Nearly three-quarters of dementia cases can be prevented, according to a recent study that examined 210 potential risk factors. Among these factors, researchers identified 62 preventable ones, categorized into six groups. These factors are estimated to contribute to 47-73% of dementia cases.

Excessive TV viewing and inadequate sleep (less than seven hours or more than nine hours per night) were among lifestyle choices linked to a higher dementia risk.

Surprisingly, an unhealthy lifestyle accounts for nearly 17% more preventable dementia cases than an individual's medical history. Additionally, stress was found to potentially increase the risk of dementia.

Dementia: 62 factors

The most significant of these 62 factors include frailty (measured by weak hand grip) and medical conditions such as diabetes, disability, or previous stroke. Even these medical risks can be mitigated through a healthier lifestyle, incorporating regular exercise and a balanced diet.

This extensive study involved over 344,000 British people, who underwent detailed surveys for the UK Biobank Health Study and were tracked for an average of 15 years. The 62 potential dementia prevention factors were identified because they were more prevalent among the 4,654 study participants who developed the condition.

Professor David Smith, a co-author of the study from the University of Oxford, emphasized, that many people still believe that dementia is an inevitable part of aging. However, these results show that dementia is far more preventable than previously believed. With limited effective treatments available, he said the primary focus should be on preventing its occurrence in the first place.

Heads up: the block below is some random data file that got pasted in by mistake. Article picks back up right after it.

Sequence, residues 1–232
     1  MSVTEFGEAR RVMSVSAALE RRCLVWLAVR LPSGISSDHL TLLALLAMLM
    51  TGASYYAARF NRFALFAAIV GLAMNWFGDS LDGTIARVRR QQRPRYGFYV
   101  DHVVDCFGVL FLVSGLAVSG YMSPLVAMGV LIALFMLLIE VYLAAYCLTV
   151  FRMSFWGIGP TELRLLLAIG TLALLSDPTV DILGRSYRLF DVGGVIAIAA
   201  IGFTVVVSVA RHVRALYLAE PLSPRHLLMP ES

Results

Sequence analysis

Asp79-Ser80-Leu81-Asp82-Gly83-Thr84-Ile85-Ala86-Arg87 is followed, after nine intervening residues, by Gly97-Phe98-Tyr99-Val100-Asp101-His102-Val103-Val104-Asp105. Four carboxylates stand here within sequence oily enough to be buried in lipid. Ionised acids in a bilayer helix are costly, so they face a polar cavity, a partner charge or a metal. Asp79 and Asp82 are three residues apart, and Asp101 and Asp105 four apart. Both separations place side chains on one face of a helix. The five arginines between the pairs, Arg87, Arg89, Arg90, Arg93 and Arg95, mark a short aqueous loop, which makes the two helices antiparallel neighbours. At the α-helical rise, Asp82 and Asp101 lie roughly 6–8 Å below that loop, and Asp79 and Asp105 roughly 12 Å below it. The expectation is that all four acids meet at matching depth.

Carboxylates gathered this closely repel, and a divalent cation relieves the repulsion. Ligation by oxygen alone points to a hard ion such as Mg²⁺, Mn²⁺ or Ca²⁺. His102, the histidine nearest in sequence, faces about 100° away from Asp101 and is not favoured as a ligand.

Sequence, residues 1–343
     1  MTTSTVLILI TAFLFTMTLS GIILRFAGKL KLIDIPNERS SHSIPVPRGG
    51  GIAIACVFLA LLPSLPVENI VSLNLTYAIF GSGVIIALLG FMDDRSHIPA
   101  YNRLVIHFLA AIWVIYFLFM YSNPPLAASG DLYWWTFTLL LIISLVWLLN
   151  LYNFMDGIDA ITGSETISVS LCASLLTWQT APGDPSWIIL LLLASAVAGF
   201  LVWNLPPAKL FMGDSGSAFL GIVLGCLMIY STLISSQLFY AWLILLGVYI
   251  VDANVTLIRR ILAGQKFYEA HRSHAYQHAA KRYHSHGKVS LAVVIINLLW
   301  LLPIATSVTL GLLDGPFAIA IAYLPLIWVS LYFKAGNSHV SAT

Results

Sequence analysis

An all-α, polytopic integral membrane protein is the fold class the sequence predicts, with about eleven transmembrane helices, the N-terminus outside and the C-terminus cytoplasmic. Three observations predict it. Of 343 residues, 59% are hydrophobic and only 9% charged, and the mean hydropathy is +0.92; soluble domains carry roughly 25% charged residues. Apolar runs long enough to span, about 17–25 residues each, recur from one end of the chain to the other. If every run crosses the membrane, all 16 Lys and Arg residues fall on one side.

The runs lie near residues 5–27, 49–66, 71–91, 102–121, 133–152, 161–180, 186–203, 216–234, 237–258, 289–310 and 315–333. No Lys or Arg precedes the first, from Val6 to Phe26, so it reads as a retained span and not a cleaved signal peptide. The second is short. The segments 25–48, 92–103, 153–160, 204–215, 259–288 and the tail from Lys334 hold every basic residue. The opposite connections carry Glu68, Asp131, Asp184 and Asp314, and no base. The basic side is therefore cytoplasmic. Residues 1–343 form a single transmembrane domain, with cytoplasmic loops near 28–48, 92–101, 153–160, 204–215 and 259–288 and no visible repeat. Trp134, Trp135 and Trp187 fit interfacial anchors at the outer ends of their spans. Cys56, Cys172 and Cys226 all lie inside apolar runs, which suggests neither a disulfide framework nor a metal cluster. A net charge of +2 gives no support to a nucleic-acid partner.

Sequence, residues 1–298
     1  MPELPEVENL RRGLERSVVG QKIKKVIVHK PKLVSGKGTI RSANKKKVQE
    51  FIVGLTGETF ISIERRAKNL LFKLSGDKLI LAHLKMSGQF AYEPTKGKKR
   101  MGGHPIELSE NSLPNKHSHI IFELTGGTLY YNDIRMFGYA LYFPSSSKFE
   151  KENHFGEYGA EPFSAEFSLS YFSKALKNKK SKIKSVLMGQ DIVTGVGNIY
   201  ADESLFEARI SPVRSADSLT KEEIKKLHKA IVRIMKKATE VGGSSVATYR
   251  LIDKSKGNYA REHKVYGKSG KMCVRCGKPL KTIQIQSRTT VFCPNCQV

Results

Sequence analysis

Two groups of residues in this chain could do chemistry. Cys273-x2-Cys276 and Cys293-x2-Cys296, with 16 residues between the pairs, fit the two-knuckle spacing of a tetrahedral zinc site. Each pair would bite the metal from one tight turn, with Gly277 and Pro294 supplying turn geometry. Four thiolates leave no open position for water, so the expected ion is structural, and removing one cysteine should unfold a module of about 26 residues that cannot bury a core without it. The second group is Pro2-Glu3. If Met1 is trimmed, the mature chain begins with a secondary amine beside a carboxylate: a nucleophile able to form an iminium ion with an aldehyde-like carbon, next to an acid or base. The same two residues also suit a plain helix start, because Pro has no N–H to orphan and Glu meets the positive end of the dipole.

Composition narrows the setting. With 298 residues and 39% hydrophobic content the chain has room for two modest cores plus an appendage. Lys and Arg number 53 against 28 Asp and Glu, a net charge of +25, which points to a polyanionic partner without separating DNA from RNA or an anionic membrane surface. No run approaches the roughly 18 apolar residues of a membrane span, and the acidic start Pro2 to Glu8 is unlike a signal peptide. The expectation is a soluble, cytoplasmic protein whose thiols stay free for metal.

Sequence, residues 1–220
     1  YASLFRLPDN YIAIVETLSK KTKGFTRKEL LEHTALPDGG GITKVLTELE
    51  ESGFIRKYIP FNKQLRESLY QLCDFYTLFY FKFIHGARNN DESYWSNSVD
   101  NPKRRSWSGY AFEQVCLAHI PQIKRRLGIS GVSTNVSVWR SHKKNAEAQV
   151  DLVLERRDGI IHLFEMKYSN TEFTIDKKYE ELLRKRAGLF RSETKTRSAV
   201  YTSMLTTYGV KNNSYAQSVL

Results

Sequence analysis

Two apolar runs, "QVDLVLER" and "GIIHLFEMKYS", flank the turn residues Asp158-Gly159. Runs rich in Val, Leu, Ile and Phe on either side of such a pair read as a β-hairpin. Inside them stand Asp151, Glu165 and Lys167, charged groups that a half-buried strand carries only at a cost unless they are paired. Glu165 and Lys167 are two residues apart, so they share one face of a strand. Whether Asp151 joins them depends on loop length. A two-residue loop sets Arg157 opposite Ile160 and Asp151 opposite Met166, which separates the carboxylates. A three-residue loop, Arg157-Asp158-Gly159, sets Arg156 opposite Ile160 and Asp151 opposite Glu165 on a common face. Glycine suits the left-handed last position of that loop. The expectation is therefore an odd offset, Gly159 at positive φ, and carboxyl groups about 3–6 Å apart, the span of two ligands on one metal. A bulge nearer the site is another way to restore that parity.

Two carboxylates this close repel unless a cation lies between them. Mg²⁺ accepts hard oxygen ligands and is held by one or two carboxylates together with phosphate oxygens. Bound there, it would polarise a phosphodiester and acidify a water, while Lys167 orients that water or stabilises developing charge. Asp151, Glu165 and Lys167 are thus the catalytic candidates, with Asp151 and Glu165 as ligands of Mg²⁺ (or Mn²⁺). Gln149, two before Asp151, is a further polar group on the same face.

Published in the journal Nature Human Behavior, the study indicates that lifestyle factors, including poor sleep, lack of participation in sports clubs or gyms, and insufficient water intake, may be responsible for 16.6% of dementia cases. Medical history, mainly involving disability, stroke, diabetes, and depression, may account for 14% of cases. Socioeconomic status, such as unemployment or lower income, which can hinder healthy choices, is estimated to contribute to 13.5% of dementia cases.

The study also suggests that physical measures, such as improving grip strength, and social and psychological factors like combating loneliness and isolation, can help reduce dementia risk.

Individuals with an unhealthy lifestyle may face a 62% higher risk of developing dementia compared to those leading a healthy lifestyle.

Six categories to focus on

Improving all six categories—lifestyle, medical history, physical indicators, socioeconomic status, social and psychological factors, and local environment—from a poor level to a good or moderate level could prevent 47% of dementia cases. Elevating all categories to a good level could prevent up to 73% of cases.

Crucially, these results apply to individuals of all ages and genders and remain consistent even when factoring in genetic predisposition to dementia.

2023-10-05T02:53:32Z dg43tfdfdgfd